Eventually I knocked on a door and it was answered by a girl wearing a Red Bull t-shirt. Again she explained to me that it was all corporate entertainment and very busy, but at the time we were working for the Red Bulletin (a paddock newspaper printed by Red Bull Racing), so I took a chance to see if that could get me inside. She introduced me to a guy called David who was running the apartment for Red Bull Spain and he said I was more than welcome to come in, but that the place would be packed full with guests on race day.
Sure enough, when I got inside there were people everywhere, with a bar, a barbeque and a DJ all on the terrace. The bit overlooking the track was three people deep so there was no chance of shooting from there, but next to the people was an empty pool overlooking the circuit. Having got as far as I had, I thought I may as well ask if I could take my shoes and socks off and take photos from in there. David had no problem with it, so off came the shoes and socks and I captured a load of photos of the start that nobody else had. In the pool with me were a load of girls in bikinis, but I wasn’t going to complain about that.
It’s three years on now but I’ve been back every time. Each year it’s the same; I get some of the most amazing photos of the start and I do it in a swimming pool surrounded by gorgeous girls in bikinis. It doesn’t get much better than that for an F1 photographer.
So needless to say we enjoy going back to Valencia each year, even if the racing isn’t quite up to the standards of some of the other tracks. For the last two races we’ve stayed at a hotel on the beach and have taken a tender across the water to get to the paddock – a brilliant way to get to work in the morning. On Thursday evening I was on the same boat back as Bruno Senna and Tonio Liuzzi, two drivers Sutton Images has supported through the ranks, and two great guys. I’ve known Tonio since we sponsored him in karting and he won the world championship after beating Lewis Hamilton, Nico Rosberg and even Michael Schumacher, who was back especially that year. I still think he’s one of the most under-rated drivers in F1 and he’s still a brilliant guy to chat to. And Bruno I’ve known since the early 1980s when I was doing Ayrton Senna’s PR and photography. Again, he’s another very talented driver and one of the nicest guys on the grid.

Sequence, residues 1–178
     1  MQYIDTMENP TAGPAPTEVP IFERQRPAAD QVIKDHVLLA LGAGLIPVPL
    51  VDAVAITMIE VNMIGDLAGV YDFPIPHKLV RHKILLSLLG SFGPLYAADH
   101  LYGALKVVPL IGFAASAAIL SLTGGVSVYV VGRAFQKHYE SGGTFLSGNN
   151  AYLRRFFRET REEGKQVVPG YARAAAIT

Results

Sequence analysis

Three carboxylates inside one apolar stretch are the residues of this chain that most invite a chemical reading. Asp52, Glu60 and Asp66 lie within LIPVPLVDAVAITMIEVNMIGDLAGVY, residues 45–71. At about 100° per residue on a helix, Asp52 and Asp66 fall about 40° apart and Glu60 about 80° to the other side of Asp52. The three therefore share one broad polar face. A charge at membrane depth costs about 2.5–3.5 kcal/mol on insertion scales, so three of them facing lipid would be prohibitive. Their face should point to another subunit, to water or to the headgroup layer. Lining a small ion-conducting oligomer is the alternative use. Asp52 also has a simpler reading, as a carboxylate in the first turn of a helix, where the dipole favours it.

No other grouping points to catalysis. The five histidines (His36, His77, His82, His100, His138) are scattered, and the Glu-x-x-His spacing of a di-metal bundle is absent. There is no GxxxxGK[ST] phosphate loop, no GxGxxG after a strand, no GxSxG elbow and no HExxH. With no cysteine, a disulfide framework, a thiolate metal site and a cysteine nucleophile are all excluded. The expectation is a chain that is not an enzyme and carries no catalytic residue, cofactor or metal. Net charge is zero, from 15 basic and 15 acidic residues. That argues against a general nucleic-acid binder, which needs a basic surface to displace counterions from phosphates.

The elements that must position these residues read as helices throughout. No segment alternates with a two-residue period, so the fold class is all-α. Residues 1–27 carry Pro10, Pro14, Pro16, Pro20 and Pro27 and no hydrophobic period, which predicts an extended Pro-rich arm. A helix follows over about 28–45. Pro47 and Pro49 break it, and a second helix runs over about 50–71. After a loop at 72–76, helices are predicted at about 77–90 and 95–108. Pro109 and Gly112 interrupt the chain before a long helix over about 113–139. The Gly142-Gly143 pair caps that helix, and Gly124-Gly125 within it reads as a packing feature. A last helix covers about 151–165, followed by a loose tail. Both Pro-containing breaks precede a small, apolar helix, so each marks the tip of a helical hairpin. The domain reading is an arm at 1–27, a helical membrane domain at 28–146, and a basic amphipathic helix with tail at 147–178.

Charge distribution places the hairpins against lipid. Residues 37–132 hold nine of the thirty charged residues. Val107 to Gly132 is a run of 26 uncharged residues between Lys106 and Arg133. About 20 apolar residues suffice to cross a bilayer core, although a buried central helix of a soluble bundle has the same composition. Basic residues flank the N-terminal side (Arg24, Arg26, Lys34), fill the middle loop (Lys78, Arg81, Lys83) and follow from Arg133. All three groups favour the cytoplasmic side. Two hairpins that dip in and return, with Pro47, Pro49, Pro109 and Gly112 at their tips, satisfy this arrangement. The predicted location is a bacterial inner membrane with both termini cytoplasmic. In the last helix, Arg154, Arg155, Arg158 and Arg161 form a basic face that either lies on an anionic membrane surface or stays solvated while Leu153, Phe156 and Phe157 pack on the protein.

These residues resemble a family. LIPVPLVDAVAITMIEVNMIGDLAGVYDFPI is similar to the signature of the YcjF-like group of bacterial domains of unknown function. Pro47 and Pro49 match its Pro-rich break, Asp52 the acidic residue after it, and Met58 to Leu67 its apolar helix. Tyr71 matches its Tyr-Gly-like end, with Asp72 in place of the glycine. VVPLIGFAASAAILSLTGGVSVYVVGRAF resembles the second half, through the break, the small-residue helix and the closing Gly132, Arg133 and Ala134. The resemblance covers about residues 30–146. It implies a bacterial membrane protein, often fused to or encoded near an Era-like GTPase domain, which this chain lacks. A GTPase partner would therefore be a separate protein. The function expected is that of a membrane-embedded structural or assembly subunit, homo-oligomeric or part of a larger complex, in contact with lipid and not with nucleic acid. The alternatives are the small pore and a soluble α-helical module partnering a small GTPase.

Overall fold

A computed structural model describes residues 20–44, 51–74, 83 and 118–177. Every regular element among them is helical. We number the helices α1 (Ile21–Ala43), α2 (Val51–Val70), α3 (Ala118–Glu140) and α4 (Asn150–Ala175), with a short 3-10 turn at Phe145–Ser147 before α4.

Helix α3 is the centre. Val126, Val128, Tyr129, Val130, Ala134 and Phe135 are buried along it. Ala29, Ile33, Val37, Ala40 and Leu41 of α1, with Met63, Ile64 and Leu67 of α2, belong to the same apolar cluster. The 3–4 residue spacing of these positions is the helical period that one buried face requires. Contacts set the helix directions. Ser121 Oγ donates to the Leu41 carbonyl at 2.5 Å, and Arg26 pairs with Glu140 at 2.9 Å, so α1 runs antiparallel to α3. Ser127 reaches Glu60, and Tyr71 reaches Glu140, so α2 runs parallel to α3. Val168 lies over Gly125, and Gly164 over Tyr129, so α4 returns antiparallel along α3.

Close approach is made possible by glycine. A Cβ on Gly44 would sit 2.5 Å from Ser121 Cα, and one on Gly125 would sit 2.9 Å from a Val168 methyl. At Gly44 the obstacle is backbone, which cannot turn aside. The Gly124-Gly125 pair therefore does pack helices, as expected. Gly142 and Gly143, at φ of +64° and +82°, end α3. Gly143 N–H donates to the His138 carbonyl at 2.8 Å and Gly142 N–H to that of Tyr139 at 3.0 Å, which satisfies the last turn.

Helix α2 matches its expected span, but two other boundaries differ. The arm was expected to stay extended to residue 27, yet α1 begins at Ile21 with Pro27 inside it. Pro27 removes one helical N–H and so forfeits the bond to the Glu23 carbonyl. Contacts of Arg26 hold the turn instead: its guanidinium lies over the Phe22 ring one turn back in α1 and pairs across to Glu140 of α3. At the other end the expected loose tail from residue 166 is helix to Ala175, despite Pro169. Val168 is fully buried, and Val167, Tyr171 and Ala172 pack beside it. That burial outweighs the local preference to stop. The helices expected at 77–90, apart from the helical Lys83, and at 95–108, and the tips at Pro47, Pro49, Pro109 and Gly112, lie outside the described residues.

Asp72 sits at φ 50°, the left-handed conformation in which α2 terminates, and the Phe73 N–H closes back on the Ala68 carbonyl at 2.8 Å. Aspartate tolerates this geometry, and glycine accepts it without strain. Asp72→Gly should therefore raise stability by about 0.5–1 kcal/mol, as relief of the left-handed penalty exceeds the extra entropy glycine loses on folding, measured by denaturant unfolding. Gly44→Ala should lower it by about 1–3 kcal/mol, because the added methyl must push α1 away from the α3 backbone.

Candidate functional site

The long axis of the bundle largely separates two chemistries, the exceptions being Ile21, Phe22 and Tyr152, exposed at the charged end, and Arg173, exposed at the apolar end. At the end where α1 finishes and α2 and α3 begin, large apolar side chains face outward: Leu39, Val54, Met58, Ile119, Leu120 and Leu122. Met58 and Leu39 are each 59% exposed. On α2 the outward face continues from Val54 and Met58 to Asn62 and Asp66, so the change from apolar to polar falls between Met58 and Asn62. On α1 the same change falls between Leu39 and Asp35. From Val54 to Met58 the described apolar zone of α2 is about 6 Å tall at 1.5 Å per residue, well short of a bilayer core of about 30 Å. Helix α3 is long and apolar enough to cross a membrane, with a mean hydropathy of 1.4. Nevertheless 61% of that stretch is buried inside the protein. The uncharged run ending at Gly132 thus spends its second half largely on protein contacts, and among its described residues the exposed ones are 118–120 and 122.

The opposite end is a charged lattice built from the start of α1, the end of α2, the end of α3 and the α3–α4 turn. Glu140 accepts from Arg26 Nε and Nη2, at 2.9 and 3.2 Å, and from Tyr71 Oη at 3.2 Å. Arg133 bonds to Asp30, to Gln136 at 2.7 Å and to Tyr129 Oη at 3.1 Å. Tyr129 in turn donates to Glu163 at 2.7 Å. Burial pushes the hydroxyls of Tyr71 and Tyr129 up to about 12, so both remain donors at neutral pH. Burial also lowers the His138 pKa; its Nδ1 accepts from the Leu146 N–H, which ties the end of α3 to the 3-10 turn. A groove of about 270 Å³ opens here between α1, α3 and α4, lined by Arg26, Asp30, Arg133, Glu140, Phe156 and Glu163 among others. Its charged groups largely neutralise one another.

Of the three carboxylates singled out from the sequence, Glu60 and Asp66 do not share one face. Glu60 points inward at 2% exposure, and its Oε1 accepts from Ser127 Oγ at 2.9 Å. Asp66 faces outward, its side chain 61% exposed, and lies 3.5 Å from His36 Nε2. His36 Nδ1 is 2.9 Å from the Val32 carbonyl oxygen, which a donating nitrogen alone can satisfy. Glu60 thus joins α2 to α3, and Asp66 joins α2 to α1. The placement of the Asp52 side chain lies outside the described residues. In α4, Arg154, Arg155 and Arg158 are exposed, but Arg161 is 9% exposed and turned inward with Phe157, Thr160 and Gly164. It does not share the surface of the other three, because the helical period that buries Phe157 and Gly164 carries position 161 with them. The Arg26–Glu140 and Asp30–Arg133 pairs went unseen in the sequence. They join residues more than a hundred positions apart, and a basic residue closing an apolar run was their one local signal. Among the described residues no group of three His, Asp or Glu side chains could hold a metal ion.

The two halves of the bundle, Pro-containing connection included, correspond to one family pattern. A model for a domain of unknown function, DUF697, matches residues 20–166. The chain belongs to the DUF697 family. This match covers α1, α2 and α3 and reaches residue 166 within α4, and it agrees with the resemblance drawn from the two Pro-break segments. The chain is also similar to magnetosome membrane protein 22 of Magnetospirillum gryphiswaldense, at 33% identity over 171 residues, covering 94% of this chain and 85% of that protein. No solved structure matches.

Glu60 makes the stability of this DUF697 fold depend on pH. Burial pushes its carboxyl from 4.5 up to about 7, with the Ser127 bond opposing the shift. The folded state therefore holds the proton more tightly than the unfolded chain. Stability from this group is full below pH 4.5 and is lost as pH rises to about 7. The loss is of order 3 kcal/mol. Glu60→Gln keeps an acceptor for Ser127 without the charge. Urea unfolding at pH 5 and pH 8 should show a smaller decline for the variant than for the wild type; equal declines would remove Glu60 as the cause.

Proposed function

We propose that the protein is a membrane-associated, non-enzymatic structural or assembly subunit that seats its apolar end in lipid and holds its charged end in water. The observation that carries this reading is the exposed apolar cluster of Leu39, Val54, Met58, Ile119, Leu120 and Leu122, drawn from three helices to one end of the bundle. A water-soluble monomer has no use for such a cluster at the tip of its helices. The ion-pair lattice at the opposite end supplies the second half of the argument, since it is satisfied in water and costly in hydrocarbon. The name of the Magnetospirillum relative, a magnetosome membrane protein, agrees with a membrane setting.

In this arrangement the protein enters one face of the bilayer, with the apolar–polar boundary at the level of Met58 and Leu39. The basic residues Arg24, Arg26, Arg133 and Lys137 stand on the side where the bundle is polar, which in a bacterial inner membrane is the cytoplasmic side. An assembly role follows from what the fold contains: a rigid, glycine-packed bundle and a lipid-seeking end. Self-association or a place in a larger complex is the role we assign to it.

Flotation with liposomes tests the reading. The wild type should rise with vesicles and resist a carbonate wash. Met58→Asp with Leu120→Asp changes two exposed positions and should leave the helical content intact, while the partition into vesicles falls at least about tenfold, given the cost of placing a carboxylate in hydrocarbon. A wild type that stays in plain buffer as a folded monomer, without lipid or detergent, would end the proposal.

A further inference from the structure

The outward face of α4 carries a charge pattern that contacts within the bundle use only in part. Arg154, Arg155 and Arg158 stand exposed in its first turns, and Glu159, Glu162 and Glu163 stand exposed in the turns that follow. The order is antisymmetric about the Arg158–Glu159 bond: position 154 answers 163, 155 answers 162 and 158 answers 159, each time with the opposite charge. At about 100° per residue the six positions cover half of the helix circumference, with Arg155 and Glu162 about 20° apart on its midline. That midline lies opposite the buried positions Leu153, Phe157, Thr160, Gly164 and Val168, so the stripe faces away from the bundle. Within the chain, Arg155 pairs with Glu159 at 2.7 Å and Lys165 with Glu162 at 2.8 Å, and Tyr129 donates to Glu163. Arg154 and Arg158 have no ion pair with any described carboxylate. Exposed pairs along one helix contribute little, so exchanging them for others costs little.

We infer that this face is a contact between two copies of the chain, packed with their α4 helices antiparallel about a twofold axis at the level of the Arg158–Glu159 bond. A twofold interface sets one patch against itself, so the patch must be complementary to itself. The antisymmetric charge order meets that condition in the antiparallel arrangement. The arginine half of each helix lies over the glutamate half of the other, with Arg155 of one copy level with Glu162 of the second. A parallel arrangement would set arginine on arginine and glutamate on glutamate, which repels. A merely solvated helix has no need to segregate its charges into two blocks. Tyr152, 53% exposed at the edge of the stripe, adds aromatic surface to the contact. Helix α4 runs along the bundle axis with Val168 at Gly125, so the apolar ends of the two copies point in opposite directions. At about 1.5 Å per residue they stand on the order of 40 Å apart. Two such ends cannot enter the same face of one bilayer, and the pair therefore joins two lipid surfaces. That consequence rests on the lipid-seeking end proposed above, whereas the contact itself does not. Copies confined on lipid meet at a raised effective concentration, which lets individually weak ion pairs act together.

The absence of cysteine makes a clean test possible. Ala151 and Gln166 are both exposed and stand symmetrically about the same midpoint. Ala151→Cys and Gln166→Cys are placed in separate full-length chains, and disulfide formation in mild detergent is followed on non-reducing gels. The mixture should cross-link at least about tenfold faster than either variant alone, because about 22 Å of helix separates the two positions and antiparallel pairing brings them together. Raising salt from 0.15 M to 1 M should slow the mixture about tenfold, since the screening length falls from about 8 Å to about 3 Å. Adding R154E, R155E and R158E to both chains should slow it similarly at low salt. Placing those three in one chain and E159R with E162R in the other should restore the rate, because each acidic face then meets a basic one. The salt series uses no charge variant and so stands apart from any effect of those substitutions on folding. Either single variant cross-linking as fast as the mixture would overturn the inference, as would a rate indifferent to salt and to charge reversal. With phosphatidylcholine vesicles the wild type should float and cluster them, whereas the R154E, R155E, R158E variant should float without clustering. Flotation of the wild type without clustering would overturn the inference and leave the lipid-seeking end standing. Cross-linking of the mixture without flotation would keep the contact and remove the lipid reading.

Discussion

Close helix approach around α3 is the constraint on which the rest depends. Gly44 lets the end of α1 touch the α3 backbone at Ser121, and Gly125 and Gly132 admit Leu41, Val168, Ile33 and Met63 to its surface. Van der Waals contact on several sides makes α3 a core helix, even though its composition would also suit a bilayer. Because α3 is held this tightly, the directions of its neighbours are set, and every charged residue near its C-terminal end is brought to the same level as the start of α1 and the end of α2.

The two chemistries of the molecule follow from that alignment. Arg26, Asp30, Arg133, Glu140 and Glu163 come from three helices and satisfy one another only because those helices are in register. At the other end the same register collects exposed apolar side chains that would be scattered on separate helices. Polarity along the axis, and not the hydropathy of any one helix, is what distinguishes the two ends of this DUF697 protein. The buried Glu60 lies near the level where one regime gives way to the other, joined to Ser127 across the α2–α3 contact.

Of course the biggest incident of the weekend was Mark Webber’s crash at turn 17, but amazingly there wasn’t a single stills photographer down there. I’d been watching the GP2 race before when Josef Kral had a very similar shunt and it did dawn on me that it might be worth having somebody on that corner. But, sod’s law, we decided against it in the end. I even asked around after the race to try and buy a picture from somebody, but nobody had one.
It might seem strange to fans that there wasn’t a single photographer there, but the truth is that it’s not a great corner to shoot from. Like I said at the start of this column, a lot of the circuit is just concrete walls and catch fencing and turn 17 is a case in point. You can’t get any nice buildings, the sea or the port in the background, so for the most part you get pretty dreary photos. We had four photographers at the race and we put them in positions where they can get the most interesting shots. Maybe if we’d had a fifth he would have been there, but unfortunately we didn’t.
Next up is the British Grand Prix, which should be good fun, but is always a busy race for us and hard work. Last year we held a bit of a party because it was one of my big birthdays and we thought it was going to be the last race at Silverstone. Of course we’re back again this year and we’ve got a brand new section of track added on.
From a photographer’s point of view, I think we’re going to hear a lot of people moaning. I’ve talked to some people who covered the MotoGP and they said the run-off areas are massive and, again, there is more fencing. A lot of the grandstands have been pushed right back and that means we are further away from the action, which is never good for a photographer. Hopefully the new section will allow for some good angles, but we’ve also lost some of the best ones from just before Bridge Corner. We’ll just have to wait and see but, from what I can gather at the moment, we’ll be quite a long way back. Having said all that, Webber’s shunt in Valencia was a reminder of just how dangerous F1 can be and without the run-off areas and fencing being there God knows where the car would have gone.